Motion Controls Still Hold Skyward Sword HD Back From True Greatness
Skyward Sword HD is still more frustrating than it should be.
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Skyward Sword has never been a fun game to control. It was innovative and rewarding, but progress was held back by the inconsistency of motion controls that were going out of fashion long before its initial launch on the Wii. While the idea of controlling Link’s sword movements with one-to-one accuracy had its appeal, the focus on drawing the player in like this meant that fundamental elements of the experience like moving around and controlling the camera were thrown to the wayside. In short – it was a bit of a hassle.
One step forward was met with two steps back, with many hardcore fans wishing that the control scheme of Twilight Princess or Wind Waker would make a sudden return. Motion controls are built into the foundations of Skyward Sword, so much so that the HD remaster has no choice but to accommodate them. Having only briefly dabbled with the original before pulling myself away in response to its method of play, this is my first time truly diving into Link’s final traditional adventure. It has all the flaws I expected, yet there’s still something magical about it, so the frequently irksome controls sadly dampen what is an otherwise vastly improved version of an unfairly dismissed classic.
I’ll start with the camera. If you’re playing with detached Joy-Con, it can be controlled with the right stick like the majority of modern games, with sword combat and other commands being executed with motion controls dictated by the controllers themselves. While not everything will gel with the motion controls, it’s a decent compromise that makes admiring the world of Skyward Sword and not accidentally bumping into walls that much easier. However, due to my aforementioned beef with wagging my arms about, I opted for the new method. Skyward Sword HD can’t abandon the precision associated with its combat because enemies and puzzles are designed around it, so a full overhaul just isn’t possible.
To strike a balance, Nintendo has introduced a new system that allows sword strikes to be pulled off using the right stick. Combat is mostly flawless here, with subtle swipes of the analog stick translating to a weightful impact on screen that makes battling with more cumbersome adversaries a breeze. It almost makes certain sequences too easy, with the consideration previously associated with real-world movements now being exchanged for something far more approachable. I breezed through some sections, although I appreciate the boss battles that will kick your ass time and time again if you aren’t willing to analyse the movements of foes and counter accordingly. Slashing away to your heart’s content won’t work here, and this dedication to strategy works in Skyward Sword’s favour. You feel like a knight conquering previously insurmountable obstacles, and for that Nintendo should be commended. Even in Breath of the Wild, combat is very much a matter of throwing everything you have at Calamity Ganon until he drops dead. Here, things are different.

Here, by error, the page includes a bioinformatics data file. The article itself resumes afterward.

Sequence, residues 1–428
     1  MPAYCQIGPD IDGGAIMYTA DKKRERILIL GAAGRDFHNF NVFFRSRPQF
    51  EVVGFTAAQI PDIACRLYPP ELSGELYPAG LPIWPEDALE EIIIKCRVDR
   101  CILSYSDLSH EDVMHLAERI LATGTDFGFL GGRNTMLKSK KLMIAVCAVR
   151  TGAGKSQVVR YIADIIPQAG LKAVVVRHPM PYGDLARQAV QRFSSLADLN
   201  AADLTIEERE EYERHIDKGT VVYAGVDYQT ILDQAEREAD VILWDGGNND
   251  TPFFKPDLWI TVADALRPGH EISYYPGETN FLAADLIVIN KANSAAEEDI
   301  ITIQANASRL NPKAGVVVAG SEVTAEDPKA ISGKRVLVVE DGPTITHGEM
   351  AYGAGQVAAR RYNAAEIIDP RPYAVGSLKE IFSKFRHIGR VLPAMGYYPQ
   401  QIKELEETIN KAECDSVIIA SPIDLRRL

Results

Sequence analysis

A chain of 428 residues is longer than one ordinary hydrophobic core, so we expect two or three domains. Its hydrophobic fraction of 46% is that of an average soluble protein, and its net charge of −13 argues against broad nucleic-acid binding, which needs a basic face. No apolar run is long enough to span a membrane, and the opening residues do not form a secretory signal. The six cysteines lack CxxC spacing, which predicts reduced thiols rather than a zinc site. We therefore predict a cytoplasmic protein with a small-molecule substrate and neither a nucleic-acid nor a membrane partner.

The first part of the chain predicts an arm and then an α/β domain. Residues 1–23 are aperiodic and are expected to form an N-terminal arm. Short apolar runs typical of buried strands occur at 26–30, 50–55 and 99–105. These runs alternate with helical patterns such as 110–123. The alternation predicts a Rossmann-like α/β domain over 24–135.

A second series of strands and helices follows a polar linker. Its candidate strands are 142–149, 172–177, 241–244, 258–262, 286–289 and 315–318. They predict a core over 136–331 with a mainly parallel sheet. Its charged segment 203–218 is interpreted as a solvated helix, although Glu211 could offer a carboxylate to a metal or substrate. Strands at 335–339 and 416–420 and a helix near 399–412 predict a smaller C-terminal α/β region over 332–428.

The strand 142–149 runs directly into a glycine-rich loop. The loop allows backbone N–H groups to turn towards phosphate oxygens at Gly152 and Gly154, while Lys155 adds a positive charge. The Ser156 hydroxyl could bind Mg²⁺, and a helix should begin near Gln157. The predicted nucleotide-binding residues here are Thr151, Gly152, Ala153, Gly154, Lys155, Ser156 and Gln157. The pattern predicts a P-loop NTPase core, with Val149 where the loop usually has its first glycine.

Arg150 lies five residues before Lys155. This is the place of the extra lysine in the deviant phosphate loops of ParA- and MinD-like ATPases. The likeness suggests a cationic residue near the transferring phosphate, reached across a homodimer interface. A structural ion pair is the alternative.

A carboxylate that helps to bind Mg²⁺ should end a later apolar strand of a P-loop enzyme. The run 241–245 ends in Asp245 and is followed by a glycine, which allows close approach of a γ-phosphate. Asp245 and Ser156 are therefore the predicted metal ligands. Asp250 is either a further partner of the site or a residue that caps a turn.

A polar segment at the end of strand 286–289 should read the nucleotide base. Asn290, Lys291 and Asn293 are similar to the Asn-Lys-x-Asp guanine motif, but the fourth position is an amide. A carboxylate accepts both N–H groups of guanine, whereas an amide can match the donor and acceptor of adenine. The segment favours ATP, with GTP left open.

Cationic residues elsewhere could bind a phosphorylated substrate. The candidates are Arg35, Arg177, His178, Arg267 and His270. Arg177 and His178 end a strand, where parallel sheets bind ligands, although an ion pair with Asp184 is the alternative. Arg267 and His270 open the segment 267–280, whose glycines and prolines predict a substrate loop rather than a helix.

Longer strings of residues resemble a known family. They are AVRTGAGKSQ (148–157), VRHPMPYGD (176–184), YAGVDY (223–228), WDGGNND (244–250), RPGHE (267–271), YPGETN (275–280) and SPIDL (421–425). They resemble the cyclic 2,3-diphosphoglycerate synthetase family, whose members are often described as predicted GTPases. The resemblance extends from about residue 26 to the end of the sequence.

It’s just a shame that many of the elements that surround these epic showdowns are so tedious. When playing without motion controls, the camera can only be adjusted by holding down one of the shoulder buttons and then using the right stick. As you might expect, this means that adjusting the camera during combat is a bit of a nuisance. During the first battle against Ghirahim, you are required to counter his attacks perfectly, but he also has a habit of teleporting behind you and unleashing attacks that can’t be dodged unless your vision is absolutely perfect. As you might expect, having to lock-off, manually move the camera, and lock-on all before he smokes you isn’t easy,
I’m only a handful of hours into Skyward Sword HD right now, but frustrating moments like this are far too common, and it extends beyond my muscle memory yet to adjust to manually adjusting the camera whenever it’s required. The original game and even Twilight Princess lacked modern camera controls too, but those entries didn’t have the hindsight afforded to Nintendo in 2021. I understand the foundations of the experience prevent such changes from being made, but that doesn’t make their presence any less dissapointing. Many look down on Skyward Sword because of its stubborn dedication to tradition, but its ambition to normalise motion controls for the series has aged it far more than overbearing tutorials ever could, especially when so many of these flaws have been ironed out with the remaster. I’m loving this game, but I wish wrestling with controls wasn’t such a big part of it.
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Jade King is Lead Features Editor for TheGamer. Previously Gaming Editor over at Trusted Reviews, she can be found talking about games, anime and retweeting Catradora fanart @KonaYMA6.